How many cups of coffee do you need to cultivate a networking contact? Here is a comment from a reader, and my response to it:
"[My biggest challenge is] following up after the initial meeting, and another follow-up after the first coffee/drink, and eventually developing this new contact as a longer term network contact. People are busy, and after the first chat, it sometimes seems like we may not have more to talk about later. "
That's absolutely correct.
If after the first (or second) chat, there seems nothing more to talk about, that's a red flag - don't ignore it!
It is very possible that you don't have any mutual interest. (After all, you don't become close friends with everyone you meet. The same is true in the business context. )
In fact, that is the purpose of the initial conversation - to find out whether or not you and the other person share a common interest.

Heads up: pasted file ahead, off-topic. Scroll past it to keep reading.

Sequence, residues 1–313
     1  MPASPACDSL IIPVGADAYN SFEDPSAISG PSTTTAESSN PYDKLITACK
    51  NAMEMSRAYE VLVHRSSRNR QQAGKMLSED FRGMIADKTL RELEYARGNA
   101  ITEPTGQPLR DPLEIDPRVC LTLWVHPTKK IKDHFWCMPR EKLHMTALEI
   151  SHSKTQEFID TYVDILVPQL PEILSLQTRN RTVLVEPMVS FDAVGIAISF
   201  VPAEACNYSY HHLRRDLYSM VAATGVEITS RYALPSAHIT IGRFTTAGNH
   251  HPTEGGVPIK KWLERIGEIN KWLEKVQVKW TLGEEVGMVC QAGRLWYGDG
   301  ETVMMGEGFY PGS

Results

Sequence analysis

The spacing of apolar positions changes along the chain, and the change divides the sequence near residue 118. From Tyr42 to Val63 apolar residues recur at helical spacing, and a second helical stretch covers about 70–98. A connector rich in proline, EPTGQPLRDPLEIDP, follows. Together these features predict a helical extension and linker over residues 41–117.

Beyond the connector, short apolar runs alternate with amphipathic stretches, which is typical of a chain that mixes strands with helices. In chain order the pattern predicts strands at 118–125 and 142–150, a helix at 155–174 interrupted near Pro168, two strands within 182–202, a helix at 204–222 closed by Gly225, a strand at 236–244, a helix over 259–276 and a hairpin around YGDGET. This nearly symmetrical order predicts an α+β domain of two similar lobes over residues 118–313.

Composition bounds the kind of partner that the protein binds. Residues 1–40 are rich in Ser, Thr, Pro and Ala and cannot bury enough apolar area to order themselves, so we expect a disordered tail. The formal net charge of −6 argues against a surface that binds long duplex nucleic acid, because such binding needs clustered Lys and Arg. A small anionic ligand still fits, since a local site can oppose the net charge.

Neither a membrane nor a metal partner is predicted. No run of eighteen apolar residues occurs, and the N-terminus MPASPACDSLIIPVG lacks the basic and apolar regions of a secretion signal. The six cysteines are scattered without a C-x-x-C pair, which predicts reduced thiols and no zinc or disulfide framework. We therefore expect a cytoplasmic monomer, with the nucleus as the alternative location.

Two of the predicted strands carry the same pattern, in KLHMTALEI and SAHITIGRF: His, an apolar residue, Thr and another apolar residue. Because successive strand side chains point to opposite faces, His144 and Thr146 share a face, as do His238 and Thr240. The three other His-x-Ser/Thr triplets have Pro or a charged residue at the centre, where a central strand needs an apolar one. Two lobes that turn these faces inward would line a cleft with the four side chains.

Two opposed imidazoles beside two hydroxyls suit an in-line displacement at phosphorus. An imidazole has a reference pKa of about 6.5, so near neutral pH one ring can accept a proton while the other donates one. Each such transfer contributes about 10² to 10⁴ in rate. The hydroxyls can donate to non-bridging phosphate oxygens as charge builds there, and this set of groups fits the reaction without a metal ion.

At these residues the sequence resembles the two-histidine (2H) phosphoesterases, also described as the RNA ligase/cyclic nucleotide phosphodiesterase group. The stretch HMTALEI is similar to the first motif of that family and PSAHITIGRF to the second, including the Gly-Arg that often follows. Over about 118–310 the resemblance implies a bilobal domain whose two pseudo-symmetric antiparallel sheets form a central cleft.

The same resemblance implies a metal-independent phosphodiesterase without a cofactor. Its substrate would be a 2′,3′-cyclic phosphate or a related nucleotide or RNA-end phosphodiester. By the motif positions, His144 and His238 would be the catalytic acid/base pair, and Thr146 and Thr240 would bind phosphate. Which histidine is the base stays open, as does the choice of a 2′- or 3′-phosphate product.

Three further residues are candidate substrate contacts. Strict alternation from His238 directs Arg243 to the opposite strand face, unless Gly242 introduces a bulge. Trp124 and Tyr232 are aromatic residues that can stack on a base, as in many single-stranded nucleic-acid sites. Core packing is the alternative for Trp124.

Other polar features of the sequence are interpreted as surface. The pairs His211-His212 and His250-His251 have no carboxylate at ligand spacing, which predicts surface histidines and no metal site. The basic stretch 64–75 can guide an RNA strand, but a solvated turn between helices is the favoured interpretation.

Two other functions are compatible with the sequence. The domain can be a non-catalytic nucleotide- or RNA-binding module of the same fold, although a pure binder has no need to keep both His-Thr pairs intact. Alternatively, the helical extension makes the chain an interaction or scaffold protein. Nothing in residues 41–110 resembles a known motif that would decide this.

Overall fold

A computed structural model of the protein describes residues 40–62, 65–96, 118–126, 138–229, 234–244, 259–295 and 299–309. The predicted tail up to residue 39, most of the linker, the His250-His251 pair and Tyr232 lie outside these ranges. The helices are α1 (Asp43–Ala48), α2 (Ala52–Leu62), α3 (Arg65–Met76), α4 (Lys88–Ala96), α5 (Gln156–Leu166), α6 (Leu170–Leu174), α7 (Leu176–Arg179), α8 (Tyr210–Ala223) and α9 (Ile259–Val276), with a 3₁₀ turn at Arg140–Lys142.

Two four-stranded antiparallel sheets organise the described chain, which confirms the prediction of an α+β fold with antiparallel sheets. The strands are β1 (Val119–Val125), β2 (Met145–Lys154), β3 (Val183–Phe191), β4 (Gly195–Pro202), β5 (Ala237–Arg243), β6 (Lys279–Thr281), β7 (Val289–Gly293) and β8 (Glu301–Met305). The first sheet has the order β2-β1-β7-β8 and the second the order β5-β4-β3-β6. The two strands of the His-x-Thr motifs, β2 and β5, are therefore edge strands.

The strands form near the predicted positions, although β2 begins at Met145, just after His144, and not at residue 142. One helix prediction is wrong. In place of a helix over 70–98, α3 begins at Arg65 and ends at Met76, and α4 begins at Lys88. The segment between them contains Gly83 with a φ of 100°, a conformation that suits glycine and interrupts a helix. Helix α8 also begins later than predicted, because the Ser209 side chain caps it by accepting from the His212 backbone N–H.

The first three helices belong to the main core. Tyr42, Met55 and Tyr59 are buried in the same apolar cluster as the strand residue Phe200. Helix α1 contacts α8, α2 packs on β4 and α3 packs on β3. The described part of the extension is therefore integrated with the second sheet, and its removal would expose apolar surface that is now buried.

The common interest may be exchanging leads and referrals, it may be a product or service that one of you wants to sell that the other may want to buy, or it may be something else.
So when you get together for that initial cup of coffee, be clear about what you want to get out of that conversation or meeting. In other words:
- Why are you getting together? To talk about what?
- How will you recognize whether this is a relationship you want to develop further?
- How will you share this information with the other person?
- What will you do if only one of you is interested in further developing the relationship? (Hint: there are infinite shades of gray between “yes" and “no" - if you'll excuse the mixed metaphor. )
Pay close attention during this initial conversation.
If you suspect that there's no common interest to build the relationship, decide carefully how you want to proceed.
Your time, energy and money are valuable resources - use them wisely.
(c) Copyright 2007, Srirupa Dasgupta
Srirupa Dasgupta is the author of Effortless Networking: Everyday Wisdom to Transform your Business and Life . She helps business professionals build, sustain and leverage the professional and personal network that is necessary to succeed. For more information, visit her website at http://www.EffortlessNetworking.com .